The value of transactions using unregistered China UnionPay terminals in Macau amounted to MOP180 million (US$22.5 million) between January and mid-May, Portuguese news agency Lusa reports, citing Macau police sources.
Lusa quotes the police as saying they have identified 41 suspects of making illegal transactions, all from mainland China. They have probed 19 cases since the beginning of the year.
According to Macau’s Judiciary Police, traders legitimately using the China UnionPay Co Ltd system for transactions in Macau must pay the parties involved a maximum fee of 1.4 percent of the amount of the transaction. UnionPay International Co Ltd, a subsidiary focusing on transactions outside the borders of the People’s Republic of China, including the Special Administrative Regions of Macau and Hong Kong, receives 0.2 percent of that fee.
UnionPay International missed out on MOP360,000 in transaction fees for deals allegedly done on unregistered terminals in Macau between January and mid-May, the police told Lusa.
UnionPay sales in Macau totalled US$22.5 billion last year, according to media reports.
It’s been reported, but not confirmed by official sources, that the Macau authorities and China UnionPay are cracking down on a longstanding system in Macau where people pay for jewellery and watches via UnionPay, return the goods and then are given cash for use in gambling, thus circumventing mainland China’s tight cross-border money controls. The use of unregistered terminals in this process is thought to be only the most egregious example of the practice.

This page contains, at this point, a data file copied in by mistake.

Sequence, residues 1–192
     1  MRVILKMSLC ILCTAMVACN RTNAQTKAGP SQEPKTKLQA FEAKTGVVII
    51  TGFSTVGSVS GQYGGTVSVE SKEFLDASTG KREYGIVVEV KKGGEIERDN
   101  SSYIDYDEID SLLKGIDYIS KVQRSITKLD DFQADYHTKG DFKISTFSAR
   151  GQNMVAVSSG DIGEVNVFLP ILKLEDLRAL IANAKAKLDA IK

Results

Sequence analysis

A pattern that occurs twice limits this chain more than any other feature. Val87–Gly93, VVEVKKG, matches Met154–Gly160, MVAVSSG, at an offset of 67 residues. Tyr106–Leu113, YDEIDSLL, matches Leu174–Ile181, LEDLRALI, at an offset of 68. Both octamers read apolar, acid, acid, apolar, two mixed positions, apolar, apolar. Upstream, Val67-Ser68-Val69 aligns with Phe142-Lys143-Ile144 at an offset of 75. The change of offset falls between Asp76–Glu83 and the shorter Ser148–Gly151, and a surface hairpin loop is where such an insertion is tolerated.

The Monetary Authority of Macau has urged the city’s banks to strengthen their oversight of UnionPay transactions. The financial regulator also ordered jewellery shops and pawnshops that operate in casinos to remove their UnionPay card terminals. Media reports have mentioned a July 1 deadline, although the cut-off date has not been confirmed.
Mainland visitors are only allowed to take a daily limit of RMB20,000 (US$3,211) out of mainland China in cash. Gamblers however routinely get around this by purchasing items from one of Macau’s pawnshops or jewellery stores using their UnionPay cards, immediately returning it in exchange for cash – a transaction that is not illegal.
Authorities are now more focused on clamping down unregistered handheld UnionPay terminals. These devices are registered in mainland China and are illegally smuggled into Macau, allowing payments to be recorded as domestic transactions within the PRC, therefore being charged lower fees.
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"If the [Macau casino] concessions are put up for bid, there will also be a lot of giant Chinese companies, some having nothing to do with gaming, which would like to take over these enormously successful casinos”
Professor emeritus at Whittier Law School in California, in the United States, and a visiting professor at University of Macau